mildias;they; were! delightful.," Senator.
Pil«a^ln-*speaking^of ; the trip, -saidi^r^
§? *!We j went ; to f,the". Islands -on the Jii-'
vl tation r i of fj.the ." Hawaiian '[< ' territorial
goveramen t, ".. and % we'ibeli^ve . that .-our,
visit-- will , be-"conducive , of . much ':. good.
; "VVe practically ; all Tthe ' places
of interest in the Islands and came in
con tact, with all classes of the people.
Ourj knowledge of the conditions in the
islands was thus Increased' enormously,'
and <; will, :\ no v doubt;^be * t 6f Rvalue ; In - f v- ,
ture discussions touching on the hand
dling'of the^\ territory '.washed by^the
Pacific.-; We possessions .of enor-'
mous >alue "'there, and .we should I see
to' it^, |hat jtheyj are" given proper 5 pro
tbption land ; ;that;. the: industry .of - -the :
people ?lsv encouraged. \u25a0"". ; ' -,
-^."Goodv feeling..^, toward '\u25a0 the '- \u25a0', United
States predominates all Hawaii. There
are", -of : eoursei^a" large number "of ' reao- '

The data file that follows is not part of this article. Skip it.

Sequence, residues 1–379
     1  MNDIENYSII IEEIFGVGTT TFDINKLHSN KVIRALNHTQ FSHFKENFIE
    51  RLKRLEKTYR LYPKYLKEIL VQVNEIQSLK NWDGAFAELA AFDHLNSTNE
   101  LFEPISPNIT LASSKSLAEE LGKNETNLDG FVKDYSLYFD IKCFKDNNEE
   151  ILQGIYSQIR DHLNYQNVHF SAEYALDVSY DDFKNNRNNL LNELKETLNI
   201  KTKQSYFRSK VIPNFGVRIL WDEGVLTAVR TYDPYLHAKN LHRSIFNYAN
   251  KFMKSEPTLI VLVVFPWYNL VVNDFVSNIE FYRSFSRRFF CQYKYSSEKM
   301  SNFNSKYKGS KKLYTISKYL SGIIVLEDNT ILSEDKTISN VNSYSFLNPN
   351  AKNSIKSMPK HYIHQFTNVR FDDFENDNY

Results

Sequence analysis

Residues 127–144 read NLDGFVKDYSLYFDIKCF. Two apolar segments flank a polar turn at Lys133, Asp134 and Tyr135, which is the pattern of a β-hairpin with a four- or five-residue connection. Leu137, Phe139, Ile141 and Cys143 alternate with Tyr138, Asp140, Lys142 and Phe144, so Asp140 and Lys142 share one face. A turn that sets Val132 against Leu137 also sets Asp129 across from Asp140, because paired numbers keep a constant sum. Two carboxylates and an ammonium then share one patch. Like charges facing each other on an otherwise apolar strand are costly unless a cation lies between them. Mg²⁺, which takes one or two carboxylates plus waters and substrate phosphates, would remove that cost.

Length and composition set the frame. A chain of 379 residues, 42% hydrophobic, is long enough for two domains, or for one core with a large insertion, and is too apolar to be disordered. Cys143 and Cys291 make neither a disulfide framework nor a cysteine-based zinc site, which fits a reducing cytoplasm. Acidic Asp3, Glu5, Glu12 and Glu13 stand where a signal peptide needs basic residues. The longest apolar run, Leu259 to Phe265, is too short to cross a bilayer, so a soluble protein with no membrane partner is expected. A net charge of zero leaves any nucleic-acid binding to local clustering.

tionists xwhoj ; desire "i^the '.re-establish
mentfof the* old I ? order of; things and
who ; prefer.' the , monarchical Uo «the^ re
publican (form of g:overnment,f T)ut?t!XB
immense majority ! of;. the • people " have
become'^ enthusiastic "supporters of the
flag:; and < s believers in the • institutions
for, which; it stands. \u25a0 - - :;
'\u25a0 ..'Too: 'much < cannot be said of the
school,'* system.'. in ..vogue there,", coiv
tinued Senator Piles. "It is magnificent
Over." every school.bulldlngr'sthe 'flag t's
floated : : and is the ; object :\u25a0 of "great : : re^
spect 1 and : love, from -the children. 1 * The
latter are learning the manners of gen